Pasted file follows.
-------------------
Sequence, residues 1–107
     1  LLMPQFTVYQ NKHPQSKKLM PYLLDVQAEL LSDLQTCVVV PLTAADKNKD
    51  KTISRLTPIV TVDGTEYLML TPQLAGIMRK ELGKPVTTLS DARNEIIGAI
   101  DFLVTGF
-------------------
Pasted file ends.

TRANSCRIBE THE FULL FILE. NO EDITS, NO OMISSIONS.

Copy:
Sequence, residues 1–107
     1  LLMPQFTVYQ NKHPQSKKLM PYLLDVQAEL LSDLQTCVVV PLTAADKNKD
    51  KTISRLTPIV TVDGTEYLML TPQLAGIMRK ELGKPVTTLS DARNEIIGAI
   101  DFLVTGF